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Identification of a high-virulence clone of type III Streptococcus agalactiae (group B Streptococcus) causing invasive neonatal disease.

Authors
  • Musser, J M
  • Mattingly, S J
  • Quentin, R
  • Goudeau, A
  • Selander, R K
Type
Published Article
Journal
Proceedings of the National Academy of Sciences of the United States of America
Publication Date
Jun 01, 1989
Volume
86
Issue
12
Pages
4731–4735
Identifiers
PMID: 2660146
Source
Medline
License
Unknown

Abstract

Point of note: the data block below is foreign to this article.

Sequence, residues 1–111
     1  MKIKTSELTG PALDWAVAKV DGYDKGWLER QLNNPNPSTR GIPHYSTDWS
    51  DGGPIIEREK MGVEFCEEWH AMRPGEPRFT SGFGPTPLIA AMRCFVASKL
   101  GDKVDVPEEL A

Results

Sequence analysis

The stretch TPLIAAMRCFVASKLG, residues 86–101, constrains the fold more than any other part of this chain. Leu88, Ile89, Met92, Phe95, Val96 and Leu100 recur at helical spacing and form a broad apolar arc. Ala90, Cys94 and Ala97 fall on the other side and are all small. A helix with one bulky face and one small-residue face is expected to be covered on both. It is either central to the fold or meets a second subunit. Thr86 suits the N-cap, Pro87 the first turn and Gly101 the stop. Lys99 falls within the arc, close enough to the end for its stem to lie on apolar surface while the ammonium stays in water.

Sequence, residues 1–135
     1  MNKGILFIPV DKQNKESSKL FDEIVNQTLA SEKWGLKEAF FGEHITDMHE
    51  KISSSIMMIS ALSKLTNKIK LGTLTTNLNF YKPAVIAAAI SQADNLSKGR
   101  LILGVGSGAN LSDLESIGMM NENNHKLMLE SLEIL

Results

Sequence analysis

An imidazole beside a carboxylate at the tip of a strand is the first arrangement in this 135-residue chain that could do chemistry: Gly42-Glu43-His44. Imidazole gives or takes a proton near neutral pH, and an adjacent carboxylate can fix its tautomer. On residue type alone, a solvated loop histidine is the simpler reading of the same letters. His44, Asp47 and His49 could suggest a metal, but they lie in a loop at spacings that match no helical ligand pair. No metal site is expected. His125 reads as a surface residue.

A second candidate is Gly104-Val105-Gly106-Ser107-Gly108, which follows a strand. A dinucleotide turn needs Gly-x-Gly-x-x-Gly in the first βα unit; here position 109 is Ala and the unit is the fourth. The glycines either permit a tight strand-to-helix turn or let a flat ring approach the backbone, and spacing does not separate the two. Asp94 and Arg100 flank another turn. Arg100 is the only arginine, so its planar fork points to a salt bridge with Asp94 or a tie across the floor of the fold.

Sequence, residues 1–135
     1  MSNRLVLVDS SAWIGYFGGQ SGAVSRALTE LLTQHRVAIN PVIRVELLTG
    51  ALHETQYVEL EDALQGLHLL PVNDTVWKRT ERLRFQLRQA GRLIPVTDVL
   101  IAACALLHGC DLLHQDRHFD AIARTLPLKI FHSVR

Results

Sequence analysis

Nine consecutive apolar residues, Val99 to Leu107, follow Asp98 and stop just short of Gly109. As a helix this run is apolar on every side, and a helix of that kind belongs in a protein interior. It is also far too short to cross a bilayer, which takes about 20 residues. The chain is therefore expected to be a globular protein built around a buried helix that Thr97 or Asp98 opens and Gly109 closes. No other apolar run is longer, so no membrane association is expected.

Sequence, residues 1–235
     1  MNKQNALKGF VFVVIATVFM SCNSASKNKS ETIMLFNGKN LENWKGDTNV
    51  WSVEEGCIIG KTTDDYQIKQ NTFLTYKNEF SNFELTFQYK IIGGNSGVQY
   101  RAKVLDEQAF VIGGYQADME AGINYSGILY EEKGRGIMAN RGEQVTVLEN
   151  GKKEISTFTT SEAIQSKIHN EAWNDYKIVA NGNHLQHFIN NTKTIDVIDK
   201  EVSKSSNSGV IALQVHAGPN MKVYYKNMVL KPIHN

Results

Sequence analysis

Chromosomal genotypes of 128 isolates of six serotypes (Ia, Ib, Ic, II, Ic/II, and III) of Streptococcus agalactiae (group B Streptococcus) recovered predominantly from human infants in the United States were characterized by an analysis of electrophoretically demonstrable allelic profiles at 11 metabolic enzyme loci. Nineteen distinctive electrophoretic types (ETs), representing multilocus clonal genotypes, were identified. Mean genetic diversity per locus among ETs of isolates of the same serotype was, on average, nearly equal to that in all 19 ETs. Cluster analysis of the ETs revealed two primary phylogenetic divisions at a genetic distance of 0.65. A single clone (ET 1) represented by 40 isolates expressing type III antigen formed division I. Division II was composed of 18 ETs in three major lineages diverging from one another at distances greater than 0.35 and included strains of all six antigenic classes. The type III organisms in division I produce more extracellular neuraminidase and apparently are more virulent than the type III strains in division II, which are related to strains of other serotypes that cause disease much less frequently. The existence of this unusually virulent clone accounts, in major part, for the high morbidity and mortality associated with infection by type III organisms.

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